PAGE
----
A circle creates an atmosphere in which win-win solutions can take place and everyone has an equal right to speak. It allows everyone to see everyone else. It reminds student that the class meeting is a different and special part of their school experience.
- Practice Compliments and Appreciations
This starts the class meeting on a positive note and boosts self-esteem.
- Create an Agenda
Set up a notebook for agenda items. Practice class meetings with "relationship building" agendas before attempting problem solving.
- Develop Communication Skills
Take turns, use an object that can be passed from student to student. Use open-ended questions, clarify/summarize and encourage. Avoid judgment and create an atmosphere of respect.
- Learn about Separate Realities
Teachers often act as though all children should hear them exactly the same way: understand and accept that people may have a separate reality so they will respond differently to the same information.
- Recognize the Reason People do What They Do
People need to meet their basic needs of fun, freedom, power and love/belonging.
- Practice Role Playing and Brainstorming
Role-play appropriate brainstorming.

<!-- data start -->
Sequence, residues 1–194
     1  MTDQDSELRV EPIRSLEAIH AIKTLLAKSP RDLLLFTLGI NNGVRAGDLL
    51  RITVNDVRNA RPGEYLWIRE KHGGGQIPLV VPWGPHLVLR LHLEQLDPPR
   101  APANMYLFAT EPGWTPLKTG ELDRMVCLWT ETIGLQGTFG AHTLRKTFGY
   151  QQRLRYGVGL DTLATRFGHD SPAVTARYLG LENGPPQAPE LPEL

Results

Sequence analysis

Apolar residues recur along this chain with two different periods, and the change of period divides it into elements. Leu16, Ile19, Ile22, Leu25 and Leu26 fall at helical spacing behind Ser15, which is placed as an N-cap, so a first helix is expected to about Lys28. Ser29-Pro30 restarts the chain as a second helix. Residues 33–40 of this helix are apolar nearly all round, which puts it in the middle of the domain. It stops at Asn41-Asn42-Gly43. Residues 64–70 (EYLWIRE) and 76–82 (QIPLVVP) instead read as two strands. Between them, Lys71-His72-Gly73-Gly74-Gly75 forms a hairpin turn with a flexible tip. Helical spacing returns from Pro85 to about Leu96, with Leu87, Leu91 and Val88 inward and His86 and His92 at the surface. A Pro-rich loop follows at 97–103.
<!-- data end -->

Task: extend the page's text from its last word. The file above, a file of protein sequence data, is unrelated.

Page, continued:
- Focus on Non-punitive Solutions
People do better when they feel better!
Student Led Conferences
What are student led conferences?
Student-led conferences are conferences that are prepared and presented by the student, with the support of teachers and parents. Students take the responsibility for reporting what they are learning and become more actively involved in the process of learning. Student-led conferences can be portfolio style where students and the teacher pick sample work for students to present to their parents. Student-led conferences can also be grade related where students inform their parents of their grades.
What are the benefits of a Student Led Conference?
- Student-led conferences empower students.
- It allows them the time and place to use their own voices and be heard.
- It encourages students to take responsibility for their actions and academic performance.
- Students can see the Goal setting process at work.
- Students have an opportunity for self-reflection and self-evaluation.
- Students do most of the talking as they LEAD the conference.
- Students take responsibility for what is presented and discussed.
- Students answer questions from parents.
- Students must be able to describe their work , their goals, and their progress toward their goals.
- Send out parent information letter and schedule conferences.
- Review Conference Sheet/Script with students.
- Organize time and place for conferences.
- Be an advocate for the student.
- Help maintain a positive atmosphere.
- Encourages student/parent interaction.
- Primarily, the parent is a listener.
- Parent’s write down their questions on a notepad or 3x5 index card as their child is speaking.
- Parents direct their questions to the student.
- Parent’s have the opportunity to filling out an evaluation at the close of the conference to provide feedback to the campus.